In that way, the deregulation process seems to work like pick-up-sticks. There is a very straightforward way of discovering how much deregulation is enough, and that is what the system uses as a self-control mechanism at this point. Nobody likes it very much.
The idea is to treat this sort of system like the system in a thermostat, so that one can arrange the cycle to range around a set point which can be moved up and down; and do so smoothly, without all the hard landings and crashes, shocks and bumps that seem to tag along with the cycle now.
As a computer guy, Ron, you'd probably have a better understanding of self-regulating systems than I do. The question does seem to be which variables are the ones to regulate. Removing the wrong ones will set off the positive feedback loops that can tear a system apart so quickly, which is part of the problem with deregulation per se. Some the regulation keeps the system on track. The question is which that regulation may be.
Interesting, isn't it?
When you think about it, the Black Market is very much dependent on government controls to stabilize the price and demand for their product, and to keep the price artificially high. Without government regulation, many of the Black Marketeers would be forced from business, so the government creates a protected market for the product with room for the principles of Capitalism to flourish.
These controls are sometimes called laws, and they are enforced by the police and sometimes the military powers of government.
Depending on what the black market may be in, and what the actual demand may be, the Black Market substance may have to have more serious controls exerted upon it by having it legalized and taxed. This depends on how the government needs to deal with that market and how the market reflects on not simply the economics but, probably also the political legitimacy of the government.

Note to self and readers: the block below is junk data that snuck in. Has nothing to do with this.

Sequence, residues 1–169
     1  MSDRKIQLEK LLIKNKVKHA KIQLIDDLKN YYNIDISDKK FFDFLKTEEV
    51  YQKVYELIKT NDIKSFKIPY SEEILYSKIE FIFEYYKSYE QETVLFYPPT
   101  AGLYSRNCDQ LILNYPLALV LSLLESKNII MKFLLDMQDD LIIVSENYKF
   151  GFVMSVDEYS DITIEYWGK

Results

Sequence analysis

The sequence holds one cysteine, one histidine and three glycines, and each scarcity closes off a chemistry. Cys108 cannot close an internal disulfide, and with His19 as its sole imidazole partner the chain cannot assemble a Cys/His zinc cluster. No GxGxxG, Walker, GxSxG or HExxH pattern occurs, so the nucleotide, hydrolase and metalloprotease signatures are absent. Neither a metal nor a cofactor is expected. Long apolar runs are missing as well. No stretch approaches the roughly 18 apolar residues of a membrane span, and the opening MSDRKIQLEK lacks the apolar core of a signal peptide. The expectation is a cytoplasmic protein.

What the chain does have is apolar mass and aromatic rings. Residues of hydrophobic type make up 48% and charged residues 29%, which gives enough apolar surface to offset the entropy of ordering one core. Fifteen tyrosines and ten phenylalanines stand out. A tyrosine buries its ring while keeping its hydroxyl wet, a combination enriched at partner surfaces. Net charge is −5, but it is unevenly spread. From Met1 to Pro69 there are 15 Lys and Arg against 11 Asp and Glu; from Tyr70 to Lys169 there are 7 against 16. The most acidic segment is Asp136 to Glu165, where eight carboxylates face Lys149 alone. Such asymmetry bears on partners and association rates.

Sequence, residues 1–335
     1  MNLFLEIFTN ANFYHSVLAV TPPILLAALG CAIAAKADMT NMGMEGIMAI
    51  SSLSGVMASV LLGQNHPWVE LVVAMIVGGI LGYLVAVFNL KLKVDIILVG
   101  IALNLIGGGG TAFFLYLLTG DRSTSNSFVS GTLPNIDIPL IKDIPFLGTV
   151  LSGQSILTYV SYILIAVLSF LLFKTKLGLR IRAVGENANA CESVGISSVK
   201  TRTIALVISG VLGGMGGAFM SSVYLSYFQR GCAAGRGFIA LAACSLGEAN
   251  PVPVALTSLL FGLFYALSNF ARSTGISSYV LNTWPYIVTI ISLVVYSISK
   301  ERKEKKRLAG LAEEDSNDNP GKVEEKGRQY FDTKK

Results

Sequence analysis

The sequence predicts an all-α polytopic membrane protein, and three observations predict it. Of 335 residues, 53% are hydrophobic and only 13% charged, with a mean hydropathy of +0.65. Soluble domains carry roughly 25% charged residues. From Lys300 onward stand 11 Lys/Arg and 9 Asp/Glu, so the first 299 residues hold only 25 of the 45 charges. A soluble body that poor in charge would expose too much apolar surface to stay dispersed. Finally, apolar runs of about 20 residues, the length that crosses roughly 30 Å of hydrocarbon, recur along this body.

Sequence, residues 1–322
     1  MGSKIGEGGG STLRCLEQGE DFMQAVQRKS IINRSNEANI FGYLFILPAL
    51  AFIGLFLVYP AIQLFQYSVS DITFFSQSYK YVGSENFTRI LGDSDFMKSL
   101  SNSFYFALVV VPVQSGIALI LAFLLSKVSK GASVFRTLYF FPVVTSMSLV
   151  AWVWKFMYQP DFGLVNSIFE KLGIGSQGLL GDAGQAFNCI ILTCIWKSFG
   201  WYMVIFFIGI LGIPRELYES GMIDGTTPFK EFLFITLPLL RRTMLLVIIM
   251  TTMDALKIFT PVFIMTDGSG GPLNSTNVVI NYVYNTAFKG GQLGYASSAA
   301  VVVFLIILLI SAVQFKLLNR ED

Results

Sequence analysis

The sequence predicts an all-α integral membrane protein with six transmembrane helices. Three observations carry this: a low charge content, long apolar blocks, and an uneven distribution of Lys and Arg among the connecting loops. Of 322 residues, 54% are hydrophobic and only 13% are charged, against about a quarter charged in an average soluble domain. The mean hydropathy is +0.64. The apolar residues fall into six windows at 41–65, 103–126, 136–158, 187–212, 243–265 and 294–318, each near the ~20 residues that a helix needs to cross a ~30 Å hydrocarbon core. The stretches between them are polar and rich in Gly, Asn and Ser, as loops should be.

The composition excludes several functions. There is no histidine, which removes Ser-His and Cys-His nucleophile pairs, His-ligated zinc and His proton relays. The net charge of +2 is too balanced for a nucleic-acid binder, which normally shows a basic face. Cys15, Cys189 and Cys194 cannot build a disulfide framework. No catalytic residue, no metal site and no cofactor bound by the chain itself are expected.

At any rate, I suggest that black markets seem to be controlled by government regulation and don't serve as a good example of a control free marketplace. Indeed, they are virtually a government subsidized market in many ways.
Over time, the prices in the black market item will stabilize, and no matter how much extra the government spends on enforcement, the return for the government enforcement buck will seem minimal. Actually, it is because a set point will have been reached, and these set points are very difficult to change.
This often works in other sorts of systems as well, such as weight maintainance. As a guy who is circumferentially challenged, I can speak to you with some authority on that subject.